Well it’s happened. 2son has been sectioned and is now in hospital.
At 12:20 yesterday lunchtime came the first knock on the door. This was the AMP (approved medical practitioner) to whom I’d spoken on the phone the day before at length about 2son. He was a very friendly New Zealander who asked for more story about 2son while we were waiting for the others. The consultant psychiatrist turned up, closely followed by a GP who spends his time flying about London on his motorbike doing mental health assessments. We talked through the history and through concerns over sectioning one so young.
The the four of us trooped upstairs to talk to 2son, who had vanished upstairs minutes before the first knock. We talked at him hiding under the duvet, explaining what was going on and getting no reaction at all other than a faster breathing rate. So we returned downstairs, had a little conversation and signed off the paperwork. The AMP called for an ambulance and we went and told 2son what was about to happen, stating all along that he was free to get up, to make any comments, to choose to walk to the ambulance.
Then we waited. The other two drifted off and the AMP and I were left to carry on talking to 2son and chasing the ambulance which took two hours to arrive. During this time I’d packed a small bag for 2son and we’d talked about Lego and anything else, an awkward pause while my stress levels were mounting. I also took the opportunity to sort out arrangements for 3son and 4son.
The AMP explained the situation to the ambulance guys who came upstairs and had a word with 2son, saying that they weren’t going to manhandle him out and that he could walk out with them or be dragged out by the police. We all said this to him in our own different ways and just as we were about to phone the police, 2son spoke up with one word, the first he’d uttered since that knock several hours ago. He said he’d come and that he would get dressed.
In essence he gave in to the whole procedure, accepting that he had no choice in the matter and it was going to happen. He proceeded to get dressed and walked into the ambulance. He talked about the ride and was fairly chatty until we got to the hospital. We did explain that this was a very posh hospital where rock stars spent small fortunes going through drug and alcohol rehab. He was greeted by two nurses who welcomed him warmly and we then went through and sat in the group therapy room while the AMP went and did whatever he did before coming and saying good bye. The nurse went through his bag and we had a bit of a long pause while waiting for the doctor to come and do her initial assessment.
2son talked to her for twenty minutes, opening up more than he had done in the last six months, trying to explain how he felt about stuff. It was amazing to hear him talk like that.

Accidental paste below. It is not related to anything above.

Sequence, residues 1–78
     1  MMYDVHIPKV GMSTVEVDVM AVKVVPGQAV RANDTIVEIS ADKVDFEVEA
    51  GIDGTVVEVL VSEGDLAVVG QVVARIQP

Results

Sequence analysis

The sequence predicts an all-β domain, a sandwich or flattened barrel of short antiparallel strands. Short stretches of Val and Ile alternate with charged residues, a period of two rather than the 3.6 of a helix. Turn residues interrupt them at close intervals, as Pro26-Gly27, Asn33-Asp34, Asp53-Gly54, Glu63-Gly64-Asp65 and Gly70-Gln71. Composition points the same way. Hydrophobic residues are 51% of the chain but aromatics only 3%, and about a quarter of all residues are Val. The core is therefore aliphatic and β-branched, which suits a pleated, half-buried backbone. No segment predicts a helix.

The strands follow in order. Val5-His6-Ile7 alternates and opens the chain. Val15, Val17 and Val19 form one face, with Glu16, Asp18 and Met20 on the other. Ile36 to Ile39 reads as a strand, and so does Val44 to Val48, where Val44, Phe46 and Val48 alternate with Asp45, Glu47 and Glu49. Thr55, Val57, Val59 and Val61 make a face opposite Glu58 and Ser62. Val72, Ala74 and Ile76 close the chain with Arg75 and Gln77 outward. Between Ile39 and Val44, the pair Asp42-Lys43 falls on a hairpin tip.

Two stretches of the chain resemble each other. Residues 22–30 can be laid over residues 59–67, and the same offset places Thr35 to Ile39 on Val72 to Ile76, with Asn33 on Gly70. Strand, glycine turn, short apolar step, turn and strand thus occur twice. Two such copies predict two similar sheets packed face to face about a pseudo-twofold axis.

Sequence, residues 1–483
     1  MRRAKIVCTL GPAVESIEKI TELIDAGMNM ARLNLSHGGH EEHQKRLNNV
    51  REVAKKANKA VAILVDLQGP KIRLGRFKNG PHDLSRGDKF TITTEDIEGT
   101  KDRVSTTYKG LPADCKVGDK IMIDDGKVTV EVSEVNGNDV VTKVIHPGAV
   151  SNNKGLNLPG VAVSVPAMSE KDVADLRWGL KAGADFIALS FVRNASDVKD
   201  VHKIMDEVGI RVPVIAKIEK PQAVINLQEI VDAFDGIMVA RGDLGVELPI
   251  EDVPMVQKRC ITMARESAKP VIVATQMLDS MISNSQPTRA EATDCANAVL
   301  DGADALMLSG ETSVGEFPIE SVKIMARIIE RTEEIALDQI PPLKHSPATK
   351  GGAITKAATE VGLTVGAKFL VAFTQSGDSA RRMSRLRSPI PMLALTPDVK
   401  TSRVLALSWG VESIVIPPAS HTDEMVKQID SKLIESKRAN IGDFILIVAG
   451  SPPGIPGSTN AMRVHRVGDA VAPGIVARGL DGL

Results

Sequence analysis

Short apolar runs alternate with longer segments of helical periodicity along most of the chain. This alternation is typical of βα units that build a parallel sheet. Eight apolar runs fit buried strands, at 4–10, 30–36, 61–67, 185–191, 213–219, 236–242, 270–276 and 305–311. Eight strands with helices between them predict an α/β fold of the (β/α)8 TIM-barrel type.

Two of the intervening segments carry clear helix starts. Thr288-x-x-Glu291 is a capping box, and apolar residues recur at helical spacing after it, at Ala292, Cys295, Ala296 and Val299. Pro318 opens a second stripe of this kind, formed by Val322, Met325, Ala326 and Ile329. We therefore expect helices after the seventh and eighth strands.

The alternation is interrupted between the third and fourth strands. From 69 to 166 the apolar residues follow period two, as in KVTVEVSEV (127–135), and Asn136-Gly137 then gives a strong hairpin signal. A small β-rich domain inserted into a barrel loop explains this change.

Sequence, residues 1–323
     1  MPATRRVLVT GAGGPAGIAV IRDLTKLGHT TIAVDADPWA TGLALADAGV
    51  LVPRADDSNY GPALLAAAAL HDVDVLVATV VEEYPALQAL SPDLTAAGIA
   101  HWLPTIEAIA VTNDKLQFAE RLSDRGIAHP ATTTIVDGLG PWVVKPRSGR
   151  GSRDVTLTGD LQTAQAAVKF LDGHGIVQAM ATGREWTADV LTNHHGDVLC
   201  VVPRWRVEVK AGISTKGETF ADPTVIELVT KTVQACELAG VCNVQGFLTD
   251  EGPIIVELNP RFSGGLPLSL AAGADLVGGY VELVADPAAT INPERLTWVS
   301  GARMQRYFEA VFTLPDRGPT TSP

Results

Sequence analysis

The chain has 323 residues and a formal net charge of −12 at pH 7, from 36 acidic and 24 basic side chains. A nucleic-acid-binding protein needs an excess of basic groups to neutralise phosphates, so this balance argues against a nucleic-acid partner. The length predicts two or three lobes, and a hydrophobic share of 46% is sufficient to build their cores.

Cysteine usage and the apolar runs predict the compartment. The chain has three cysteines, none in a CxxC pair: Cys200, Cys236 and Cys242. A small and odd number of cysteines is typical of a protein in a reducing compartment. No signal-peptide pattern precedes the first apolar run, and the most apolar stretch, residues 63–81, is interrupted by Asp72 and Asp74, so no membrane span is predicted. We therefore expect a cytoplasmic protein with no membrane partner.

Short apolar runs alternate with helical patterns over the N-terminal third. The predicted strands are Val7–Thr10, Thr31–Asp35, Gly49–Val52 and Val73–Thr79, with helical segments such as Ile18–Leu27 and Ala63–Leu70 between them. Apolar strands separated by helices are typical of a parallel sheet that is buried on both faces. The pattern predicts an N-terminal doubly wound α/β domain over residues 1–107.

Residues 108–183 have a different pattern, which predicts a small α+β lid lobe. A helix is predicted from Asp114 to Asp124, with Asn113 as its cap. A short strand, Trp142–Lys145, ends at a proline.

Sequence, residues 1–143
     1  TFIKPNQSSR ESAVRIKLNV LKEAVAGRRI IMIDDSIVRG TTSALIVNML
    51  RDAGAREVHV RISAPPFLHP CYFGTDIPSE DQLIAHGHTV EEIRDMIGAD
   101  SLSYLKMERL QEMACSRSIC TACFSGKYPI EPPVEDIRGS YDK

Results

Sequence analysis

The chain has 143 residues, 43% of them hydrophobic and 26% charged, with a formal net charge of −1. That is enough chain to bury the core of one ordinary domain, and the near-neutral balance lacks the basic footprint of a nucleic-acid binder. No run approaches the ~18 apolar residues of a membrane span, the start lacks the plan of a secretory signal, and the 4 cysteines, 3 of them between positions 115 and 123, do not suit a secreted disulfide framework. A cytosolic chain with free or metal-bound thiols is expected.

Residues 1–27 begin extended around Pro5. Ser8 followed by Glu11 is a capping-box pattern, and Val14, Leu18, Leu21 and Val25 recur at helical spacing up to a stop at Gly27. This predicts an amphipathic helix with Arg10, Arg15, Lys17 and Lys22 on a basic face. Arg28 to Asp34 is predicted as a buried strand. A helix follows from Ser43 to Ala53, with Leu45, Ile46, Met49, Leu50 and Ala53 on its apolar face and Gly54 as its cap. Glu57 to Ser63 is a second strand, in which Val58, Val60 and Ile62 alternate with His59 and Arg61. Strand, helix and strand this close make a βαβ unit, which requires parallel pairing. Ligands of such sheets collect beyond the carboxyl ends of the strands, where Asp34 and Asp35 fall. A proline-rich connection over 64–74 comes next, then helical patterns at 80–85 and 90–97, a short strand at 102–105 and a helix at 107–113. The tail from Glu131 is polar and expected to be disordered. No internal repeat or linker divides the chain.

During this I was getting phone calls from 4son who was being wound up by 3son and I ended up having to send him to a different friend so they could be separated. Not what I needed at the time and it did make me angry.
Then we got into his room, which had been cleaned and we were just unpacking his bag when the nurse came in and suggested we deal with 2son’s hair to which he meekly agreed. He started washing his hair and realised that it wasn’t going to happen and offered me scissors to cut 2son’s hair. This was quite a horrific procedure as his hair, which hadn’t been washed, brushed or combed since September was in two huge solid clumps which I had to remove. He looked like a shorn lamb at the end. We sprayed and combed through what was left, washed him and his hair. He ended up with a clean body and mostly clean head, a very sore and red scalp and a physical rebirth, quite symbolic of his decision to co-operate with this whole process.
We then had a quick meal and I left, about half past seven. It had been a very long day but 2son seemed accepting of the situation and his surroundings. Once he gave in to the whole process he worked with everyone and co-operated beautifully. I was very proud of him and kept telling him so.
My friend who was looking after 4son kindly came and picked me up. On the way home we stopped off at a pub. I downed a large vodka and a pint in record time and felt slightly more relaxed once the alcohol took effect. We talked it all through and then went home, collecting up the other two and putting them to bed, explaining that they would come today to say where 2son was so they would understand where he was.
Then I went to the pub, to a loud and not brilliant rock band with a couple of friends who knew what had been going on and slowly relaxed. I only had a couple of pints but slowly unwound and felt somewhat normal again.
It was, without a doubt, the hardest and most painful thing I’ve ever had to do. The professionals involved in the day were all supportive and positive, pleasant to be with. I’ve put my trust into the people who are now responsible for his care and we will wait and see what happens.